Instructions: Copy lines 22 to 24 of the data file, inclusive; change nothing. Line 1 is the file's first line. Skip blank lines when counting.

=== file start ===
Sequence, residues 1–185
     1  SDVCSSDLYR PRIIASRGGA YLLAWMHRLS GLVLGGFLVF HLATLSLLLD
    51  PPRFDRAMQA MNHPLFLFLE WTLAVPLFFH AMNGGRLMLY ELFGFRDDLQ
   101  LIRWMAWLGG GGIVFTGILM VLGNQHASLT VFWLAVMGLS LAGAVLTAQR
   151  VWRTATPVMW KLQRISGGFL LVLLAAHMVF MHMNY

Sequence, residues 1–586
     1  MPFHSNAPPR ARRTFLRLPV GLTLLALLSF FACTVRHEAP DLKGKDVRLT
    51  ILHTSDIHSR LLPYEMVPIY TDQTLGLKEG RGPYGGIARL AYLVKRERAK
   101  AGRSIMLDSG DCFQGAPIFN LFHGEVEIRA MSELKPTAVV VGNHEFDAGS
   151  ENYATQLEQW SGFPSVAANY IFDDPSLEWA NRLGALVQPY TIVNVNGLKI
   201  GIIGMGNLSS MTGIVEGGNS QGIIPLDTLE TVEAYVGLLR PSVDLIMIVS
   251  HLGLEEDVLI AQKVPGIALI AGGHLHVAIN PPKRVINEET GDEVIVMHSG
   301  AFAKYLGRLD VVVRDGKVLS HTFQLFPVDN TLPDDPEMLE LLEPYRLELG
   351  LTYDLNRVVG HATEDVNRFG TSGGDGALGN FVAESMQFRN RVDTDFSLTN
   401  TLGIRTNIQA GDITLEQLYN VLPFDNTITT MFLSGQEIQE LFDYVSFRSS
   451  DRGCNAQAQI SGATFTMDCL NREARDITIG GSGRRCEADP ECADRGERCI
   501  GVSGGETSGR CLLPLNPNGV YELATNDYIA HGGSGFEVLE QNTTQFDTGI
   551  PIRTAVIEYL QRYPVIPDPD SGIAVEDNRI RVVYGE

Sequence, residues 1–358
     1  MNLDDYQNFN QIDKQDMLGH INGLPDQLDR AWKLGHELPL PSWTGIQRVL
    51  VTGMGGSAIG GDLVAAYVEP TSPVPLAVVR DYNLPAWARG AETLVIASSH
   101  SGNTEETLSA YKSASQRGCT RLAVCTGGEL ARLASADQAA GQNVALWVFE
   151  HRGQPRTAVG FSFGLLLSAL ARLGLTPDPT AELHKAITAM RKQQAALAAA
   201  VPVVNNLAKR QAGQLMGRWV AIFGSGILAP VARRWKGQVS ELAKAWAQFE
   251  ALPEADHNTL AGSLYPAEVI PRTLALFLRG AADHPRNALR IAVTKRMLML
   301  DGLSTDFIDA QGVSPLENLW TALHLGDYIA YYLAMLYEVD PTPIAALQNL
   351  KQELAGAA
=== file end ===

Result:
   101  SGNTEETLSA YKSASQRGCT RLAVCTGGEL ARLASADQAA GQNVALWVFE
   151  HRGQPRTAVG FSFGLLLSAL ARLGLTPDPT AELHKAITAM RKQQAALAAA
   201  VPVVNNLAKR QAGQLMGRWV AIFGSGILAP VARRWKGQVS ELAKAWAQFE